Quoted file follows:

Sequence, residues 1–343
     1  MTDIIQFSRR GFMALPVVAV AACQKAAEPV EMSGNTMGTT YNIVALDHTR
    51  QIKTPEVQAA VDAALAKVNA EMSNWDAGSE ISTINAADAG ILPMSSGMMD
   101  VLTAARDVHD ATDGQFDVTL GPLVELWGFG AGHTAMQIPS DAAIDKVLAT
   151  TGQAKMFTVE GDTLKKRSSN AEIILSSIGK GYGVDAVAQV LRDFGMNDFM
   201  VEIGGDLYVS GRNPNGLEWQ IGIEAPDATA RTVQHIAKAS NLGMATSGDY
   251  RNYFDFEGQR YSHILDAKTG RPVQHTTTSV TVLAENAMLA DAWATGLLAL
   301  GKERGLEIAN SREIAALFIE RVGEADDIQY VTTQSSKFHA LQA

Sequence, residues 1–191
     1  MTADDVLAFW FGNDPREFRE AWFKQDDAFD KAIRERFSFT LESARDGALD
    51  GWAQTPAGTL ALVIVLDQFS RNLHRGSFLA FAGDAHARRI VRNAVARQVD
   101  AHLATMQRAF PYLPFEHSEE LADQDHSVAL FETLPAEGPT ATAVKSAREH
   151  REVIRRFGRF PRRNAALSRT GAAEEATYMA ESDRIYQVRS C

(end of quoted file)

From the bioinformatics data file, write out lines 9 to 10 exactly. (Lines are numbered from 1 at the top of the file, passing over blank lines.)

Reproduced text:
Sequence, residues 1–191
     1  MTADDVLAFW FGNDPREFRE AWFKQDDAFD KAIRERFSFT LESARDGALD